(Top) With a price just under $500 the Power 3 slots in as third-most expensive. (Bottom) Low scores in three of the subjective rider scoring categories hurt the Michelin when the points were tallied.
Michelin offers something fresh with its two-year-old Pilot Power 3. The Power 3 is an evolution of the French company’s outgoing Pure model and benefits from its hybrid layered-type rubber formula for what Michelin believes is best for high-performance riding.
With a price just under $500 the Power 3 slots in as third-most expensive. But to be fair its only $32 extra compared to the average price of the group. Nevertheless, $480 for a pair of tires is pretty expensive, especially when the pesky Shinko Apex costs so little.
Individually, the front and rear Power 3 tires were both third lightest amongst the group. However, as a set they were ranked one position better, weighing a smidge over two ounces less than the Avon Xtreme 3 and 6.4 ounces fewer than the Q3 by Dunlop. But compared to the super slim Pirelli, the Michelins were 1.1 pound heftier.
Of all the tires in this test the Power 3 gave us the most mixed results. While we appreciated its steering response on both tracks, around the main track it was difficult to acclimate to the French rubber and we noted the tires felt like they moved around constantly. Conversely, at the rough and bumpy Streets course, the Pilot Power felt the opposite, and testers praised its good stability over bumps and in the fast stuff.
On the Big Track the Power 3 required the third-most amount of time to arrive at operating temperature (just over four minutes). On the Streets course they ranked one position better, narrowly besting the Pirelli this time (184.7 vs. 187.8 seconds) in addition to the Bridgestone S20 and Apex. Though it’s important to note the Michelin’s were run during the second-coolest pavement temperatures on both days.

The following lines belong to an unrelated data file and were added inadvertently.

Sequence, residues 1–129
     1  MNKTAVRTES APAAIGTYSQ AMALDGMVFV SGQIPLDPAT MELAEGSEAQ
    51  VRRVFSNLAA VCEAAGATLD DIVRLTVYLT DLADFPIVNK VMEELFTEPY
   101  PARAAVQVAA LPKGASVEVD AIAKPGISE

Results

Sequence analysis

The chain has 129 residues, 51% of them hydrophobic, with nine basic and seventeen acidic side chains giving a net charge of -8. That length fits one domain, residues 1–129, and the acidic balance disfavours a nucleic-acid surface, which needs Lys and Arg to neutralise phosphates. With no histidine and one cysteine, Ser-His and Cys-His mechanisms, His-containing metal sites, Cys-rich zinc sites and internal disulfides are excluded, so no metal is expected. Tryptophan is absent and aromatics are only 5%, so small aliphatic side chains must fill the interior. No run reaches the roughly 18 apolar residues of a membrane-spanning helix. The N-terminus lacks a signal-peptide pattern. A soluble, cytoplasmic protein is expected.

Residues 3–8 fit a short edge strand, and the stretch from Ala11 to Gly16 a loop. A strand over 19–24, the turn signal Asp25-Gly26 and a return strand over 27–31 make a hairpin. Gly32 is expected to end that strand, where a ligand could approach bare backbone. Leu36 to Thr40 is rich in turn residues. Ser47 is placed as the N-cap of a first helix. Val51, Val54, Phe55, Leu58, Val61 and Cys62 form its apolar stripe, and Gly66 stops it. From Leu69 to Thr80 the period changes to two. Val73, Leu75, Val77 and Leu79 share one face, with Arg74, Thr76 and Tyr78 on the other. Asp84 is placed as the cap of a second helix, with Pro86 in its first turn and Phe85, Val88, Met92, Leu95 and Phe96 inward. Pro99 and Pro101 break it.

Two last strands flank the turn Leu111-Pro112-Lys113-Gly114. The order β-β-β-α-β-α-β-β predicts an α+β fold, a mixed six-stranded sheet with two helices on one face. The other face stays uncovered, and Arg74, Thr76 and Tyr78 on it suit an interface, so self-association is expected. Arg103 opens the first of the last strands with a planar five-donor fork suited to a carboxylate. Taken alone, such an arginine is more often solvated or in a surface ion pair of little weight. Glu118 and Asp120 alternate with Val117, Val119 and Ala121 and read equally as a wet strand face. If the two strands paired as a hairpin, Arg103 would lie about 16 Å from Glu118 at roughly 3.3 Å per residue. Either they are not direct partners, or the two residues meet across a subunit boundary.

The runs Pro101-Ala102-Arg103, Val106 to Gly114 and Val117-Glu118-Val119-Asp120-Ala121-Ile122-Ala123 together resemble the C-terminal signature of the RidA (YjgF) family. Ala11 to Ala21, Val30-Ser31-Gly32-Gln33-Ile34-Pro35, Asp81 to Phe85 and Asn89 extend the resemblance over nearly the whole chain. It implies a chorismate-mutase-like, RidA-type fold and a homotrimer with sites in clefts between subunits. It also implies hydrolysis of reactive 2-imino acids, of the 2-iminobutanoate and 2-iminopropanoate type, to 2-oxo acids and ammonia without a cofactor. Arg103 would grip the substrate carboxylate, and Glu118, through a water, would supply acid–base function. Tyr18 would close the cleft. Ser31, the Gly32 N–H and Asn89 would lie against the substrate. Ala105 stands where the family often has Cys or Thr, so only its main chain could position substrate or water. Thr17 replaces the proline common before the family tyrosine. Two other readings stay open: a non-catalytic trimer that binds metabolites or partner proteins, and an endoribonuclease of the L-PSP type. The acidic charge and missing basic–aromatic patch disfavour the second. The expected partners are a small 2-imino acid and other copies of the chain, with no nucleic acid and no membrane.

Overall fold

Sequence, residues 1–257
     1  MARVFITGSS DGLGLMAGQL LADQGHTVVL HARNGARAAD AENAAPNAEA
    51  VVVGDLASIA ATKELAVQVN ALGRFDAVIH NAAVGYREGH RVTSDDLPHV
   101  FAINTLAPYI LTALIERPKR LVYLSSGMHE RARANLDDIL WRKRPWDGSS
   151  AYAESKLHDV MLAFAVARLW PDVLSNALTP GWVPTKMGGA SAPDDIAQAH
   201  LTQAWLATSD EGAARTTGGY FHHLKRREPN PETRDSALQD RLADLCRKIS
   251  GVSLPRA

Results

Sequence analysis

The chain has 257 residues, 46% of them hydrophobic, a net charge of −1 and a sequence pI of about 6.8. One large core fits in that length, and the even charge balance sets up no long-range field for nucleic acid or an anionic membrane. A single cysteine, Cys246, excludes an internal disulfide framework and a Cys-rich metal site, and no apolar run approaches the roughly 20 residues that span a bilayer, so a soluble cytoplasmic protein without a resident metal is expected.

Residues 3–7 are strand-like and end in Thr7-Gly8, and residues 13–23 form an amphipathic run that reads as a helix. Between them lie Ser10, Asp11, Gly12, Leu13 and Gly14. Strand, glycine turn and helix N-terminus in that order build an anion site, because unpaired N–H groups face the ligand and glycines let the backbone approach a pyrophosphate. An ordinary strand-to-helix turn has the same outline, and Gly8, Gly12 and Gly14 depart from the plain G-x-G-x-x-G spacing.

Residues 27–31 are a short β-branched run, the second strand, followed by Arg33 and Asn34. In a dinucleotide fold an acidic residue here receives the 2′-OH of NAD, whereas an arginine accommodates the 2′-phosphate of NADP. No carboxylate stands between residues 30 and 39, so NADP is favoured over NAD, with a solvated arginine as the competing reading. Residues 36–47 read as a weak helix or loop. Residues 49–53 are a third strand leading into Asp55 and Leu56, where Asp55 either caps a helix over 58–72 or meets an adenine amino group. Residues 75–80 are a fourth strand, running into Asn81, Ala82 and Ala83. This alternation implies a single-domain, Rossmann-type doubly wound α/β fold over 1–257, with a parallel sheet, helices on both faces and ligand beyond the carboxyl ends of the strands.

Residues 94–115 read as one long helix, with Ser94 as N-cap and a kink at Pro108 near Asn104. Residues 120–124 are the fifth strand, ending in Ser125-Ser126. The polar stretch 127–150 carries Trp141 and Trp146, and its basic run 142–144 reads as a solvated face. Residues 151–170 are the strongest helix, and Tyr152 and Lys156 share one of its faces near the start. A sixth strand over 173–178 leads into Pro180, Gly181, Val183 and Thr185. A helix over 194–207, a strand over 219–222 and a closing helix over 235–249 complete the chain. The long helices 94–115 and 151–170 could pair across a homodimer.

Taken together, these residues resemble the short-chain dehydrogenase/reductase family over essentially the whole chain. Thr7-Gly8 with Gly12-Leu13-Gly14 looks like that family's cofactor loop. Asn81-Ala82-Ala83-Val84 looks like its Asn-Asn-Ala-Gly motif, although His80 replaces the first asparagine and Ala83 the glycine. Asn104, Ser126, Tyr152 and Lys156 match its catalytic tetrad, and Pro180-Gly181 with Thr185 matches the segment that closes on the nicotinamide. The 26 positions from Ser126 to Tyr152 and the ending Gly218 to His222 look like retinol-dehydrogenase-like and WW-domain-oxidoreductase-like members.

Because of the awkward handling experience at the Big Track, the Power 3’s lap times suffered, recording the worst time of the test (1’34.7). However, on Day 2, where they were rated as performing significantly better, they registered the third-fastest time, ahead of both Bridgestone and Continental. But when the times were combined, the first day’s performance significantly penalized them in that category with them slotting second to last.
Low scores in three of the subjective rider scoring categories hurt the Michelin when the points were tallied. And despite their minimal weight, below-average scores in the remaining categories meant the Michelin finished in a distant sixth place.
When the lap times were combined, the first day’s performance significantly penalized the Michelins, slotting them second to last.
“I had a hard time getting a feel for these. They moved around constantly and felt very hyper. Every time I leaned on them they started moving around even more. It was not very consistent feeling. The compound felt like it had the capability of being good but the carcass was just moving way too much [on the Big Track]. Steering was quick and precise with no big spikes from center to lean. Good stability over bumps [on the Streets]. Warm-up time could have been better though, and these tires took extra time to get up to temp even compared to the ‘B’ tires.”
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